China's cbank likely to ease pol­icy again by end-De­cem­ber

The Pak Banker - - COMPANIES/BOSS -

China's cen­tral bank is highly likely to ease mon­e­tary pol­icy again by the end of this year, ac­cord­ing to econ­o­mists sur­veyed by media, as it seeks to sup­port a rapidly cool­ing econ­omy and calm fi­nan­cial mar­kets. The Peo­ple's Bank of China cut in­ter­est rates and low­ered the amount of re­serves banks must hold for the sec­ond time in two months on Tues­day, act­ing amid pres­sure from a global stock mar­ket rout and mas­sive out­flows from its mar­kets.

But with fac­tory ac­tiv­ity, ex­ports and in­fla­tion slow­ing along with pro­longed pro­ducer price de­fla­tion, econ­o­mists polled pre­dicted that the PBOC would have to act again.

The me­dian from a snap sur­vey of around 20 econ­o­mists showed there is a 80 per­cent chance of a fur­ther cut in the re­serve re­quire­ment ra­tio (RRR) by end-De­cem­ber, while the chance for a re­duc­tion in the lend­ing and de­posit rates stood at 70 per­cent.

While prospects of fur­ther eas­ing will calm in­vestors who are jit­tery over the ef­fects a China slow­down could have on global growth, some an­a­lysts fear Bei­jing's strat­egy might prove in­ad­e­quate.

"The drip-feed of stim­u­lus might not be suf­fi­cient to ar­rest ag­gres­sive bears, or sig­nif­i­cantly lift the econ­omy in a de­mand-con­strained world," Mizuho Bank econ­o­mists wrote in a note.

"While China's latest eas­ing mea­sures are cer­tainly welcome, we are wor­ried that such re­ac­tive, ad hoc and un­co­or­di­nated (pol­icy) might un­der­mine con­vic­tion and ef­fi­cacy."

The in­ter­est rate cuts fol­lowed a shock de­val­u­a­tion in the yuan ear­lier in Au­gust, a move pol­i­cy­mak­ers said would aid fi­nan­cial re­forms, although many saw it as a de­lib­er­ate at­tempt to lower the cur­rency and help ex­porters.

For now, stock mar­kets in China and else­where seem to have sta­bi­lized with Asian in­dices ex­tend­ing a global rally on Fri­day af­ter data showed U.S. eco­nomic growth sur­passed ex­pec­ta­tions in the sec­ond quar­ter.

That could give some im­pe­tus to the Fed­eral Re­serve to raise in­ter­est rates for the first time in a decade, although ex­pec­ta­tions it would do so in Septem­ber have all but evap­o­rated af­ter the fi­nan­cial mar­ket volatil­ity in the past week.

The poll also showed China's key lend­ing rate will prob­a­bly be cut to 4.35 per­cent by the end of the year, af­ter which it is ex­pected to stay steady, and the de­posit rate is ex­pected to come down by 25 ba­sis points to 1.50 per­cent by the year-end.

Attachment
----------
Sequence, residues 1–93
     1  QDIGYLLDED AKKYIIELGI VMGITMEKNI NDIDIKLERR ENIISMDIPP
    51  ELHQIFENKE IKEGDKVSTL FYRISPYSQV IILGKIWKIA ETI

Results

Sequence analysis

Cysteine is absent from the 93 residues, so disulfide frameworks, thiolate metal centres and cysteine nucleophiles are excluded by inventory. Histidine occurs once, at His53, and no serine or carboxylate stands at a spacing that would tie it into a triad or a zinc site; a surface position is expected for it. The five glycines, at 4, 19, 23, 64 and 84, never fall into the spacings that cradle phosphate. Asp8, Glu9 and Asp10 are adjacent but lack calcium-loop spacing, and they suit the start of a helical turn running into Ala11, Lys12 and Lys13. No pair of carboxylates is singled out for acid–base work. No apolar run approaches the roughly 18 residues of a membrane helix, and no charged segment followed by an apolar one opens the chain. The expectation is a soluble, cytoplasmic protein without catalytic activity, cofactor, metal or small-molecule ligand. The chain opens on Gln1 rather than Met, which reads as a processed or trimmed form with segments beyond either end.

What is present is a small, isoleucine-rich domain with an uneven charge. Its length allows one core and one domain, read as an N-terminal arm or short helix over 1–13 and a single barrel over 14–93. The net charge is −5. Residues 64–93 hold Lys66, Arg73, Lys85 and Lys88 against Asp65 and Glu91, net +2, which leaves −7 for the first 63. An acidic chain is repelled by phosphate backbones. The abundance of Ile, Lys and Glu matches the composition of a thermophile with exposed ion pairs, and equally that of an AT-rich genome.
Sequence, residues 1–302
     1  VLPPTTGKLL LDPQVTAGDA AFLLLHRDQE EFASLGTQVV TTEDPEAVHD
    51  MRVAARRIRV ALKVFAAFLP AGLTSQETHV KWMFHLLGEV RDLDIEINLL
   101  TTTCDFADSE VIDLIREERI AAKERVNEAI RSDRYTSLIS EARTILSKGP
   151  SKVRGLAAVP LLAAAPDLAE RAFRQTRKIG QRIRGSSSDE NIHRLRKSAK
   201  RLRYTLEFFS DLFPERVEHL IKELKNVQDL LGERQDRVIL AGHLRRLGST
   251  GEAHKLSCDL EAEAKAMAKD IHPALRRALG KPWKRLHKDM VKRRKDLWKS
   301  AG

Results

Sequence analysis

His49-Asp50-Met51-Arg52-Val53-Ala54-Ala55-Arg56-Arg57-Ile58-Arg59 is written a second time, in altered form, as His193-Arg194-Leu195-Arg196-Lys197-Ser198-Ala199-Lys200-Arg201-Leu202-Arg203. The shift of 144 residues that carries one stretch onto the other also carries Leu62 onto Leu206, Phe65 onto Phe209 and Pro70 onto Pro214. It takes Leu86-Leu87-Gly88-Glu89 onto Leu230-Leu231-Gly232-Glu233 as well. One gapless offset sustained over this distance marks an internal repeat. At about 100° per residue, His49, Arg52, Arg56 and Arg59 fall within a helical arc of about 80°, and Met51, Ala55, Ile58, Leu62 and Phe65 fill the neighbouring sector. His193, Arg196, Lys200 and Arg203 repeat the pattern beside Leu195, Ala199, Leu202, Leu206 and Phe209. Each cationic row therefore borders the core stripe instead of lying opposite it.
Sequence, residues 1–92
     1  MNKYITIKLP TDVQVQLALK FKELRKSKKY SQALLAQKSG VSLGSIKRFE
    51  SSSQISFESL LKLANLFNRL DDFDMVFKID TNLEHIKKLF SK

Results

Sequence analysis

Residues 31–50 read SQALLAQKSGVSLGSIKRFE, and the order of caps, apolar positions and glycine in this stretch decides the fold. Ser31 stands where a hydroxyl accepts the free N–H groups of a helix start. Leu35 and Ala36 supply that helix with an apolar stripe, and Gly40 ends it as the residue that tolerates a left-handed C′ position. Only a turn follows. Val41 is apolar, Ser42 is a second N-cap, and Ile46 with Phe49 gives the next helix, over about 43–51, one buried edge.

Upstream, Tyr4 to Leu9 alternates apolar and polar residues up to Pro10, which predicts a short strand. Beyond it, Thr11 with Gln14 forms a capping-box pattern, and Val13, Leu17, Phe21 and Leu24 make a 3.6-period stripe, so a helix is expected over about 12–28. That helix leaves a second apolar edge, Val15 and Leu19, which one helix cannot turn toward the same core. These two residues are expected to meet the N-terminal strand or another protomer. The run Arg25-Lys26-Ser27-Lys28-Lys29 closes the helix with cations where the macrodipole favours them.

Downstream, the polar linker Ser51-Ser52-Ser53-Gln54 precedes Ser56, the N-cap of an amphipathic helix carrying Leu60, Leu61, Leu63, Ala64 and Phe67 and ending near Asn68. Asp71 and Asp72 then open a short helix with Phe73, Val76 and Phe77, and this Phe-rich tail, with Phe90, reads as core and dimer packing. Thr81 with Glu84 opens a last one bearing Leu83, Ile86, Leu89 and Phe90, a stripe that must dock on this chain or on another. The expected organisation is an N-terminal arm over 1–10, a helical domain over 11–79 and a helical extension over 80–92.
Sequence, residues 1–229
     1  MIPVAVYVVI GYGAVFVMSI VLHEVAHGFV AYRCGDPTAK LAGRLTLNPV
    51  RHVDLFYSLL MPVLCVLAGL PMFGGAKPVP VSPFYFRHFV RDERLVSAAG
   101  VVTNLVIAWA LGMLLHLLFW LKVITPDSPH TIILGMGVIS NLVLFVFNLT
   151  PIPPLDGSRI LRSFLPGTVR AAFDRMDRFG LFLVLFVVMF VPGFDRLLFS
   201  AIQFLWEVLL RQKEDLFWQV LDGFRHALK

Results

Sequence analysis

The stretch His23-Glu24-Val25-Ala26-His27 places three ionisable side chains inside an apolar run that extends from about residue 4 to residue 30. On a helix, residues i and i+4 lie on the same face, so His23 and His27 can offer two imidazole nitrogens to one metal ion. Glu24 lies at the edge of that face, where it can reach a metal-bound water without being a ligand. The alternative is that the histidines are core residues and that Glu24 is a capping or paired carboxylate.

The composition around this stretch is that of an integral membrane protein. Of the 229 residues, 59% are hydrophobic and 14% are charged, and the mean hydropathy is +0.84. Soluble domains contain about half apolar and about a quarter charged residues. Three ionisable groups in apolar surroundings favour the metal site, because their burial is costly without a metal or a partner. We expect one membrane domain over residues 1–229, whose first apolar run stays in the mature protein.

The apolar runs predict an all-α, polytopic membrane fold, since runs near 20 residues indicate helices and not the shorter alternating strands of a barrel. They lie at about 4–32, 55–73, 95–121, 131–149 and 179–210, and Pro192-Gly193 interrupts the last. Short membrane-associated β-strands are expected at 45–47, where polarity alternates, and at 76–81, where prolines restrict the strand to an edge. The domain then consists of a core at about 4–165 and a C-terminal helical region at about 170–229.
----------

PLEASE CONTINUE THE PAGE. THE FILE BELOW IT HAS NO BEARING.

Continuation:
Econ­o­mists ex­pect the PBOC to lower the RRR fur­ther, with the me­dian con­sen­sus show­ing it will be cut to 17 per­cent from the cur­rent 18 per­cent by end-De­cem­ber and fur­ther low­ered to 16 per­cent by the end of next year.

"There will be a need to in­ject liq­uid­ity in in­ter­bank mar­ket to neu­tral­ize the im­pact from for­eign ex­change in­ter­ven­tion," said Flem­ming Jeg­b­jærg Nielsen, an­a­lyst at Danske Bank.

Fall­ing in­ter­est rates could in­crease cap­i­tal out­flows in China and drag the yuan lower, mean­ing more PBOC in­ter­ven­tion in cur­rency mar­kets as pol­i­cy­mak­ers have pledged to pro­tect the yuan from sharp falls.

While the in­creased liq­uid­ity from the re­serve cuts will ben­e­fit big banks, de­mand for credit from China's vast pop­u­la­tion and busi­nesses is tepid and re­mains a source of con­cern.

Asked what else the PBOC could do apart from cut­ting rates, some re­spon­dents said it could lend di­rectly to se­lect banks, ex­pand its medium-term lend­ing fa­cil­ity and take more steps to aid the real econ­omy.

Econ­o­mists also said China's hous­ing mar­ket, a ma­jor fac­tor in eco­nomic ac­tiv­ity, is dan­ger­ously close to a steep cor­rec­tion and tar­geted mea­sures from Bei­jing would be needed along with pol­icy eas­ing from the cen­tral bank to tackle the slow­down.

"We are ex­pect­ing fis­cal spend­ing to be much stronger for the rest of the year af­ter the sig­nif­i­cant dis­rup­tion in the first half," said Ju­lian Evans Pritchard, China economist at Cap­i­tal Eco­nom­ics. "If Bei­jing wants to hit its spend­ing tar­get its go­ing to have to step up spend­ing."

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